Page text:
Initialize repository with Git

git init
git status

Add files

Create a new hello_world.txt file in your new folder

Check repo status

  git status

Tell Git to track our new file

  git add hello_world.txt
  git status

File is now tracked by Git

Changes and commits

Open hello_world.txt and add some more text

  git status

Stage and commit the change

  git add hello_world.txt
  git commit -m "First commit. Added hello world to repository."

Exercise: Manage Your Code With Git



  • Develop different code on the same base
  • Conduct exploratory work without affecting the work on master branch (e.g. to try out new ideas)
  • Incorporate changes to your master branch only when you are ready


Create a new branch


Create a new branch called trucs-slides

git checkout -b trucs-slides

Add new lines to hello_world.txt

git add hello_world.txt
git commit -m "Adding changes to trucs-slides


Switching branches


Switching branches

See all branches. Branch with * is active

git branch

Switch to master and look at hello_world.txt

git checkout master

Switch to version2 and look at hello_world.txt

git checkout version2



Knowledge Test: When you commit, will the chnages you make show up online?

Commits are local, so they don't appear in your host environment until you push


Deploy your changes to verify them in production.

If your branch causes issues, you can roll it back by deploying the existing master into production.



  • There are MILLIONS of public repositories on GitHub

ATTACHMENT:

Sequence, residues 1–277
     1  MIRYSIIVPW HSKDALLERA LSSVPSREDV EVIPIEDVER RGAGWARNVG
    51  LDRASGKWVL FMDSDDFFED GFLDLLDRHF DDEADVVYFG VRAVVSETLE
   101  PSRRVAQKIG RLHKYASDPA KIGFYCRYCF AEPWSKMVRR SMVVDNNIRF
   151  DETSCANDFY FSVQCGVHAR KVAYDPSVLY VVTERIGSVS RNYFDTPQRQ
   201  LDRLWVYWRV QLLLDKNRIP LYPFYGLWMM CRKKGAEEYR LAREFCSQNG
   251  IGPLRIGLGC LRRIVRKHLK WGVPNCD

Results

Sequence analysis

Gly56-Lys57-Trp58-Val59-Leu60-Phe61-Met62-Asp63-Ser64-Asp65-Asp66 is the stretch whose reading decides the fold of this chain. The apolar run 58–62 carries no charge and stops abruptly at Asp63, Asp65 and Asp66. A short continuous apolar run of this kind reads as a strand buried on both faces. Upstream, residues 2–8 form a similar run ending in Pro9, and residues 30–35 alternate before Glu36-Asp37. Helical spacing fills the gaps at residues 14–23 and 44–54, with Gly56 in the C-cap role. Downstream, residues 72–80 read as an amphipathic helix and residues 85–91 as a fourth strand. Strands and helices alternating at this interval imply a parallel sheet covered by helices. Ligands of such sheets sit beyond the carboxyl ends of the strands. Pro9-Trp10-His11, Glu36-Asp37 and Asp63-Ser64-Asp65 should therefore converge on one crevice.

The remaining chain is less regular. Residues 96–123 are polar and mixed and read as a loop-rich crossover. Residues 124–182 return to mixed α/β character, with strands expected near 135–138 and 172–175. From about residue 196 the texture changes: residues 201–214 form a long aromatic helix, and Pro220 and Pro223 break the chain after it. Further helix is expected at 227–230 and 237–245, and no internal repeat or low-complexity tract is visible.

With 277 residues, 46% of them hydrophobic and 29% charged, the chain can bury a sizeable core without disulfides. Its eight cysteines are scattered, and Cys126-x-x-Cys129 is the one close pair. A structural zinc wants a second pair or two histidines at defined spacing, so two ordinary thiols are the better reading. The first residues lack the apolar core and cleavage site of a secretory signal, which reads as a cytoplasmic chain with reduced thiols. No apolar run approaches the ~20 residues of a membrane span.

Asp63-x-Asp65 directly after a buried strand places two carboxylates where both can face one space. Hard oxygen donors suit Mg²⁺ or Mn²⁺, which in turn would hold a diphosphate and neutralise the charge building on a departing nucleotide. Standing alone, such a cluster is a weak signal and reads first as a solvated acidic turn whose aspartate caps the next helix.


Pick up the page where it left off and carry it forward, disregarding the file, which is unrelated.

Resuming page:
• If you want to use or contribute to a repository, you can fork it.


How to fork a repository. Image from


Clone - to get a local repository of your fork

cd ../

git clone


git remote add upstream
# Assigns the original repository to a remote called "upstream"

git fetch upstream
# Pulls in changes not present in your local repository, without modifying your files

Pull Requests & Merging

Pull Requests (PRs)

Pull Requests initiate discussion about your commits.

You can open a Pull Request at any point during the development process.

Pull Requests

  • After you fork and clone a repository all pushed changes will go to your fork
  • These changes will not affect the original repository
  • If you would like to get your changes to be incorporated into the original repo, you can submit a pull request

Start Pull Request

How to initiate a pull request. Image from

Managing Pull Requests

If you are the owner of repo, you will review and decide whether to merge in the pull requests you receive.

Learn more at Github Collaboration Tutorials

Review & discuss

Pull Requests are designed to encourage and capture discussion to make your code great.

If someone comments that there is a bug, you can fix it in your branch and push up the change.

GitHub will show your new commits and any additional feedback.


Merge your code with the master branch!

Once merged, Pull Requests preserve a record of the historical changes to your code.

What could possibly go wrong?

What is a merge conflict?

Exercise: Contribute To A Repo

Let's your site on the web!

Github Pages

  • Public webpages hosted and published through Github
  • Designed to host your personal, organization, or project pages directly from a GitHub repository

Exercise: Host Your Stuff On Github Pages




Mary Ann & Truc